Area Forecast Discussion
Issued by NWS Caribou, ME

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790 FXUS61 KCAR 232350 AFDCAR Area Forecast Discussion National Weather Service Caribou ME 650 PM EST Mon Jan 23 2017 .SYNOPSIS... Low pressure will intensify along the mid Atlantic coast tonight and move northeast toward the Gulf of Maine Tuesday...then across the Canadian Maritimes on Wednesday. && .NEAR TERM /THROUGH TUESDAY/...
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650 PM Update... Adjusted the clouds to bring high clouds into northern areas per the latest IR Satl imagery. Temps were dropping off some w/the latest obs showing readings in the upper teens across portions of northern and western areas. High cloudiness attm is rather thin allowing for a further drop in temps until clouds thicken up overnight. 21Z Sfc analysis showed high pres in eastern Canada wedging down across the region allowing for drier air into the llvls. This drier air will hold on through the overnight hrs. No other changes needed attm Previous Discussion... 990mb sfc low sitting off the VA/NC coast as of 19z shud begin to head up twd the NY Bight this evng in area of greatest pressure falls. Hipres along the Quebec- Newfoundland border wl build east tonight, continually supplying cold air. Clr skies wl allow temps to drop quickly tonight acrs the north bfr clds mv back in fm the southwest twd daybreak. Complicated fcst for Tuesday as coastal low mvs north along the eastern seaboard tomorrow. Wintry pcpn wl mv into coastal zones aft midnight tonight with warm nose already present btwn 850-800mb. The nwrd progression of this warm nose makes all the difference in the world regarding ptypes. 12Z GFS rmns the coldest with temps aloft while NAM rmns the warmest. Latest Euro is now the compromise and has trended twd the NAM for areas along the Maine/NB border. Given the juxtaposition of the sfc high to the north with erly flow at the sfc, thinking is that blyr wl lkly be below freezing thru Wed mrng. Question bcms what flow aloft arnd H8 does. 12z NAM indicates srly 55-60kt H8 LLJ on Tue straight off the Atlantic, whereas GFS and EC indicate a more erly jet, thus not as much of a warm nose. For wx grids hv blended the 12z NAM and 00z EC therefore expecting mostly a sleet storm for the bulk of the precip duration. Thorough investigation of NAM/GFS BUFKIT sndgs for the area hinge on how warm the warm nose becomes and how thick the warm and cold lyrs are and which model has the best handle on atmos. A difference of a few hundred feet as well as 1C will make all the difference in the world in regard to ptype. Have opted to issue a Winter Storm Warning for areas north of a Dover-Foxcroft to Oxbow line for several inches of snow, a few inches of sleet as well as a glaze of ice. For areas further to the south, specifically along an Ellsworth to Princeton line, think that sleet wl eventually change over to a possibly prolonged time of freezing rain. Cannot rule out up to one- half inch of ice especially in the Grand Lakes to Vanceboro region, though aforementioned uncertainties could lead to more sleet and less ice. Therefore hv issued a Winter Storm Warning for Interior Downeast and the Bangor area due to a combo of sleet and ice. Along the coast, hv gone with a Winter Weather Advisory for minor sleet accums along with a glaze of ice tomorrow morning. Warm air shud surge along the coast and allow these areas to rise abv freezing shortly after noon, ending the threat. Easterly winds wl gust to between 40 and 45kts as pressure gradient tightens btwn sfc low to the south and hipres to the north.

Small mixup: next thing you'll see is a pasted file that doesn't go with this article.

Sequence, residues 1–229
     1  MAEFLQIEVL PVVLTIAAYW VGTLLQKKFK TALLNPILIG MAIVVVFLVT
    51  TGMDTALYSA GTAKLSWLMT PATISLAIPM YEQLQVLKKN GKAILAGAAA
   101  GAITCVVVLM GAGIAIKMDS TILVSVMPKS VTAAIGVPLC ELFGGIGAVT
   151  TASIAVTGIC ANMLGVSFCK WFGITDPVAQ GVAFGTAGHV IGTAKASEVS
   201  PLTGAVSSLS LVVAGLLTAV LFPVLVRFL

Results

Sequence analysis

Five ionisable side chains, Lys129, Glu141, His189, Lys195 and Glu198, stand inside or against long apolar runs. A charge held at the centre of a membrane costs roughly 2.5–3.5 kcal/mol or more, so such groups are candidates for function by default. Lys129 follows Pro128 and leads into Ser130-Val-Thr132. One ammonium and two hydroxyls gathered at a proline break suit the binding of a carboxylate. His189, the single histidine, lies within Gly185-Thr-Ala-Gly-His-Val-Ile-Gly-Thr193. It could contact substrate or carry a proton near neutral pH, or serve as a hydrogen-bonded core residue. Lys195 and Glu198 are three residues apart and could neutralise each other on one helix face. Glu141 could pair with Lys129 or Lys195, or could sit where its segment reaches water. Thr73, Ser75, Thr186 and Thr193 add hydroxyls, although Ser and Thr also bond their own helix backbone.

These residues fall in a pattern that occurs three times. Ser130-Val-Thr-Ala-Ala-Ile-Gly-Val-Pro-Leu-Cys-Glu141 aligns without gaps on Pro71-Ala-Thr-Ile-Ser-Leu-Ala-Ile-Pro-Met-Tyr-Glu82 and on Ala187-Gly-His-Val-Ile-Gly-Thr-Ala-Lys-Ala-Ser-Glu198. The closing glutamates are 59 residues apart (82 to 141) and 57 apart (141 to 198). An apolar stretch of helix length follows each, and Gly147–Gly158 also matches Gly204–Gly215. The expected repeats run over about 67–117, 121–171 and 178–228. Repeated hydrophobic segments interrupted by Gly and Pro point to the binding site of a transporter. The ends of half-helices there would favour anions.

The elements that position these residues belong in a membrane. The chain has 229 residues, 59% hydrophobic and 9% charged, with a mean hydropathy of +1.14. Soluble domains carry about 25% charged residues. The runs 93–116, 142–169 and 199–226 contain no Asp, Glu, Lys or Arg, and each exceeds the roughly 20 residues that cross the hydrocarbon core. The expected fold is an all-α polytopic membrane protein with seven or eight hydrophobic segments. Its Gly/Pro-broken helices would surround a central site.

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&& .SHORT TERM /TUESDAY NIGHT THROUGH THURSDAY/... For Tuesday night, a significant sleet and freezing rain event will continue. A vertically stacked low will slowly progress northward towards the Gulf of Maine by later in the night. The low will draw a rich flow of Atlantic moisture northward into the forecast area through the night into Wednesday morning. PWATs are several standard deviations above normal and there`s some instability aloft. The moisture will not move through the area quickly due to a blocking high in Labrador. There`s not much cold air aloft and a southerly flow aloft is expected to bring temperatures in a layer above H850 well above freezing. Therefore, snow is not an issue...except perhaps in extreme NW Aroostook County., However, in a narrow wedge under H850, a cold easterly flow will prevail north of the low. The cold air under H850 means rain will refreeze as sleet or freezing rain for most of the area. The big challenges in the forecast were where to place the 32F line at the surface through the night and the strength of the elevated warm layer. The 23/12Z NAM suggested a more southerly flow aloft and greater warming aloft versus the colder GFS. In the end, the NAM was blended with the ECMWF to produce a swatch of freezing rain from southern Penobscot County towards north-central Washington County and southern Aroostook County. This area has the potential to receive anywhere from a half to three-quarters of an inch of freezing rain. Along the coast, precipitation will be rain and winds will die down in the evening. For the northern zones, the cold layer looks just deep enough for sleet through the night and sleet may be measured in inches. If temperatures aloft are just a bit warmer, significant freezing rain accumulations will have to be pushed northward. For Wednesday, the storm will be over for most of the area except lingering mixed precip in NE Aroostook County for the morning. After the precipitation moves out, the frontal inversion will erode and temperatures will rise above freezing. Winds be generally light...which is good news in light of any ice accumulations. A lot of cloud cover will remain Wednesday into Wednesday night as low level moisture remains. There`s no significant cold air advection behind this system as lows on Wednesday night will drop just below freezing...which could cause some slick spots. The colder air arrives after a clipper system on Thursday. This system will produce light precip amounts with up to an inch of snow in the northern half of the forecast area. Meanwhile, with temperatures in the mid to upper 30s, Bangor and the Down East region will have rain shower activity. && .LONG TERM /THURSDAY NIGHT THROUGH MONDAY/... The long term pattern features a return towards more seasonable temperatures, but no particularly cold air masses. With a broad upper trough over the NE US, it will be generally dry and free of any significant storms. Weaker clipper systems may rotate from the Great Lakes, but exact timing of resulting snow shower activity cannot be readily discerned at this point. && .AVIATION /00Z TUESDAY THROUGH SATURDAY/... NEAR TERM: VFR tonight becoming IFR after 10z at BHB and BGR in mixed precipitation. HUL may see IFR between 15z and 18z in -SNPL though confidence was not high and have just included mixed precip in tempo group. SHORT TERM: Hazardous aviation conditions are expected Tuesday night with LLWS and freezing rain/sleet. This will also be accompanied by low IFR cigs. The low IFR cigs will continue north of HUL into Thursday...and gradually improve to a prevailing MVFR condition Thursday night into Friday. Snow showers could reduce vis for sites north of GNR and MLT on Thursday afternoon. && .MARINE... NEAR TERM: SCA conditions continue this evening before increasing to gales for the intracoastal area after 10z and storms on the outer waters. By Tue afternoon expect headlines wl need to be replaced with another SCA after this time. Expect seas to be increase aoa 15ft on Tue. SHORT TERM: After the storm ends, a small craft advisory will be needed into Wednesday afternoon. After a small respite, the next small craft advisory seems destined to run from later Thursday morning into Saturday night. && .TIDES/COASTAL FLOODING... A storm surge of up to 1.5 feet is expected along with large waves. The astronomical high tide will occur shortly after 8 am Tuesday morning, however the largest waves are not expected to arrive until later in the morning. As a result only minor splash over is expected. Astronomical tides are also relatively low, so coastal flooding is not expected. && .CAR WATCHES/WARNINGS/ADVISORIES... ME...Winter Storm Warning from 7 AM Tuesday to 1 PM EST Wednesday for MEZ001>006-010-011-015>017-031-032. Winter Weather Advisory from 1 AM to 1 PM EST Tuesday for MEZ029-030. Wind Advisory from 4 AM to 7 PM EST Tuesday for MEZ029-030. MARINE...Gale Warning from 5 AM to 1 PM EST Tuesday for ANZ052. Small Craft Advisory until 5 AM EST Tuesday for ANZ050-051. Storm Warning from 5 AM to 1 PM EST Tuesday for ANZ050-051. && $$ Near Term...Farrar/Hewitt Short Term...MCW Long Term...MCW Aviation...Farrar/Hewitt/MCW Marine...Farrar/Hewitt/MCW Tides/Coastal Flooding...Mignone/Hewitt is the U.S. government's official web portal to all federal, state and local government web resources and services.